So, when was the last time you released a song or an album due to your busy schedule?
That was in 2011, but I am working on a new song now. I’m sure by next year, I should have that song out there.
Tell us how you ventured into music?
Really, I was singing in church, my dad was a reverend minister so I used to sang in church all the time. My mom also sings in church and I joined the Presbyterian Church Youth Band and that’s how I started singing. My creativity was discovered that time.
Do you think like Nigeria and South Africa, Ghanaian artistes are also doing well in promoting the country musically to the world?
I think Ghanaian artistes are doing a fantastic job, only that there is still room for improvement. We lack the necessary machinery to project the industry to the rest of the world.
How do you create time for your family due to your busy schedule?
It’s very difficult but I make a conscious effort to spend time with my family. Now, technology has made life easy, so I can use Skype or imo and other social platforms to chat and stay in touch with my family. My family is actually based in the United States, but every year, we try as much as possible to spend a minimum of four months together. It’s difficult, but I make time for it.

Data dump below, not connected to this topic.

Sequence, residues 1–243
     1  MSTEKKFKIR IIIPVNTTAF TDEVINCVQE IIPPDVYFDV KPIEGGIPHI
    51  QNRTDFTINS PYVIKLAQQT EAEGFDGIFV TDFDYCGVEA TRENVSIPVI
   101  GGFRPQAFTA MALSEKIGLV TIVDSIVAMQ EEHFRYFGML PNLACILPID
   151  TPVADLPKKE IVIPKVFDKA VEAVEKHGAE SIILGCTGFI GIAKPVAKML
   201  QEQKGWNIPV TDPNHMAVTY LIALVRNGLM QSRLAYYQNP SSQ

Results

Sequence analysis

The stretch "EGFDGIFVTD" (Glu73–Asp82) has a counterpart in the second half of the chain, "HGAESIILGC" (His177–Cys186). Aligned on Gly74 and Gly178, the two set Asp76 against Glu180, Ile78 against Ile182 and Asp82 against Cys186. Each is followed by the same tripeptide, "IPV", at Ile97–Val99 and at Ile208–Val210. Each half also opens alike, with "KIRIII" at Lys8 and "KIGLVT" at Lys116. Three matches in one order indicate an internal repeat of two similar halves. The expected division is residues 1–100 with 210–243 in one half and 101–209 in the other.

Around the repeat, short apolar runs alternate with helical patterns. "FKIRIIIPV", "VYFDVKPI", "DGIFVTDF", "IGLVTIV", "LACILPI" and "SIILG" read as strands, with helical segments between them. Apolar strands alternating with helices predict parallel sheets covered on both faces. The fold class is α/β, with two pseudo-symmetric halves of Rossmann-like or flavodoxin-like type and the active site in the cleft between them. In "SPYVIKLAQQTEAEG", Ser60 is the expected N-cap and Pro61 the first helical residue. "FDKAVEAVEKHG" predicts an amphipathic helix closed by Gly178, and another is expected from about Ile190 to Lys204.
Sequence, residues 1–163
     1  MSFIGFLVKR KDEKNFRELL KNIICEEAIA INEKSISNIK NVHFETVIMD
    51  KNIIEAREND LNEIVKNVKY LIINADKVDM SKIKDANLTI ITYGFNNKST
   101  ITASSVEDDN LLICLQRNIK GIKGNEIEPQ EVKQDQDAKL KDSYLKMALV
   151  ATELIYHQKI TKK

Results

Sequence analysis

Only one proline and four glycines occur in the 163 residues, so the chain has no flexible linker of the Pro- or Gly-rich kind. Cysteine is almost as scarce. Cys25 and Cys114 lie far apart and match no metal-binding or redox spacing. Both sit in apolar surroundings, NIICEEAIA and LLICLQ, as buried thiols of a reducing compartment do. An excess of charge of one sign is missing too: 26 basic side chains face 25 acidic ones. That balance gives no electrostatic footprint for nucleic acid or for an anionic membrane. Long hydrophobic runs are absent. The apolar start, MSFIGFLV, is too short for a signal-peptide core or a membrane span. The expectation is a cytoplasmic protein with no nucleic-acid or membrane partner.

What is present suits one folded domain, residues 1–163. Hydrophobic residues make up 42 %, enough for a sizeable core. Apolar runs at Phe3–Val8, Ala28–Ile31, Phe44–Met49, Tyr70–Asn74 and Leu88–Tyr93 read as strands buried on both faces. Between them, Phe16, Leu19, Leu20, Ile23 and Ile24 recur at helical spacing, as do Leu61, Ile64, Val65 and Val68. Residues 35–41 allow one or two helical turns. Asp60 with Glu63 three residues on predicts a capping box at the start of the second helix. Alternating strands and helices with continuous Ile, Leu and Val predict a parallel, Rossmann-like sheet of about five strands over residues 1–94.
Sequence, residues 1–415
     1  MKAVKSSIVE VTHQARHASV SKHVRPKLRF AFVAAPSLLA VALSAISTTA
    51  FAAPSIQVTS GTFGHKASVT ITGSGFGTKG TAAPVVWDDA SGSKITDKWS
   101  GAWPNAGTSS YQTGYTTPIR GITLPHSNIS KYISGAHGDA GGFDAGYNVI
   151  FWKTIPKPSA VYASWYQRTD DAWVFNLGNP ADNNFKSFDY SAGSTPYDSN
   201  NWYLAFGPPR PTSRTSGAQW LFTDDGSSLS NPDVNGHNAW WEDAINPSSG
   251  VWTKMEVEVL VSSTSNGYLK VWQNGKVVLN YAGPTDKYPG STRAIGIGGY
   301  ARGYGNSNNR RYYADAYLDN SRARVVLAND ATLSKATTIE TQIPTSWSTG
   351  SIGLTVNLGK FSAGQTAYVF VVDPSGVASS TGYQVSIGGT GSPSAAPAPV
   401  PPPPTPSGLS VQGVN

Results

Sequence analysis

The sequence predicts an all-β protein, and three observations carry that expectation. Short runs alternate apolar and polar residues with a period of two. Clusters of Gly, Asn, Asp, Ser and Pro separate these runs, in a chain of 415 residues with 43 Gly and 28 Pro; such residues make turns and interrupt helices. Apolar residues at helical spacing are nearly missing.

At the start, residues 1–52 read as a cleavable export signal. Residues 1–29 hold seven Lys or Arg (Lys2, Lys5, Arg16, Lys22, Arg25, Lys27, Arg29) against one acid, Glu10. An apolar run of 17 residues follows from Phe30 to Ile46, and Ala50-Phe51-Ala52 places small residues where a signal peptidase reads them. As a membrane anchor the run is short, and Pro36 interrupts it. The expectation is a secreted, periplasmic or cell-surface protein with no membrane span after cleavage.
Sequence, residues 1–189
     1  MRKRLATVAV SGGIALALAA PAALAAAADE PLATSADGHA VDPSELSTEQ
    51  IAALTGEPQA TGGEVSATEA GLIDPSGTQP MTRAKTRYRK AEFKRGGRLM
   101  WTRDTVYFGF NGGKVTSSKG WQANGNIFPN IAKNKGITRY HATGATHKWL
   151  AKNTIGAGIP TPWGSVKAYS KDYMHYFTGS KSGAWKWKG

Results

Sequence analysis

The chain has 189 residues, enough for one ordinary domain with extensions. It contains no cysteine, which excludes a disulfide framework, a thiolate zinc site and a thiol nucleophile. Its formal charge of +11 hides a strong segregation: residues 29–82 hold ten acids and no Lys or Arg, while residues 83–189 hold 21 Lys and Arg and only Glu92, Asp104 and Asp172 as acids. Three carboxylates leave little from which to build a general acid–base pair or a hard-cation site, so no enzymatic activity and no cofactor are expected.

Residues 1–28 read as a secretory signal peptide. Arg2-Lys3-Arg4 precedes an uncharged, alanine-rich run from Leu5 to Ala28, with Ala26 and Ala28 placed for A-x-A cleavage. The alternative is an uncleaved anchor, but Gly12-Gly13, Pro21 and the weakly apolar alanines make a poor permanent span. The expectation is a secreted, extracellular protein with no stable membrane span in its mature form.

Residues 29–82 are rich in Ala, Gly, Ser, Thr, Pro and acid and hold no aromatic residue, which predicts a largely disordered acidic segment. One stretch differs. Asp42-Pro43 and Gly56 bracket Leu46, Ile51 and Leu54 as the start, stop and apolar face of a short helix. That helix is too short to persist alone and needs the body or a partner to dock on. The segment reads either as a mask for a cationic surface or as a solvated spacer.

What is your advice for the upcoming acts out there reading this interview?
I really just say one thing to everybody who dreams to be a musician, music profession is beyond talents. Once you are building your talents, remember that you can also be an artiste manager, aspire to take musicians on tour, not everybody is cut to be a musician, composer or song writer and that is one thing l like to emphasize.
– ADEBUKOLA ADENEYE- EDAH